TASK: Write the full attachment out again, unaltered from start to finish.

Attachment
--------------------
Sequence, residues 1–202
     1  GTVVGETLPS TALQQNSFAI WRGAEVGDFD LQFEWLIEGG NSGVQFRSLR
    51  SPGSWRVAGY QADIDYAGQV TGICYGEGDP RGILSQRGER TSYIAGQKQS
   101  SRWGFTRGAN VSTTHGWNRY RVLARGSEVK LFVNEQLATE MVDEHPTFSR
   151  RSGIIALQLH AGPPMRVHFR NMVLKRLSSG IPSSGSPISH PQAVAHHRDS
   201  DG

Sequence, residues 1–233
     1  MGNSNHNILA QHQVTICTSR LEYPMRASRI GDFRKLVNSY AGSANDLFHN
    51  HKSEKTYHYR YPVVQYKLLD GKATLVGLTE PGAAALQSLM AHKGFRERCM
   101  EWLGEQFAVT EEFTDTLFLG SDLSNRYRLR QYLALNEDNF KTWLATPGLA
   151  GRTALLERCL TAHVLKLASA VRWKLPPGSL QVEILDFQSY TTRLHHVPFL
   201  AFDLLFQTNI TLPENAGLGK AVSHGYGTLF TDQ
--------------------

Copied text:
Sequence, residues 1–202
     1  GTVVGETLPS TALQQNSFAI WRGAEVGDFD LQFEWLIEGG NSGVQFRSLR
    51  SPGSWRVAGY QADIDYAGQV TGICYGEGDP RGILSQRGER TSYIAGQKQS
   101  SRWGFTRGAN VSTTHGWNRY RVLARGSEVK LFVNEQLATE MVDEHPTFSR
   151  RSGIIALQLH AGPPMRVHFR NMVLKRLSSG IPSSGSPISH PQAVAHHRDS
   201  DG

Sequence, residues 1–233
     1  MGNSNHNILA QHQVTICTSR LEYPMRASRI GDFRKLVNSY AGSANDLFHN
    51  HKSEKTYHYR YPVVQYKLLD GKATLVGLTE PGAAALQSLM AHKGFRERCM
   101  EWLGEQFAVT EEFTDTLFLG SDLSNRYRLR QYLALNEDNF KTWLATPGLA
   151  GRTALLERCL TAHVLKLASA VRWKLPPGSL QVEILDFQSY TTRLHHVPFL
   201  AFDLLFQTNI TLPENAGLGK AVSHGYGTLF TDQ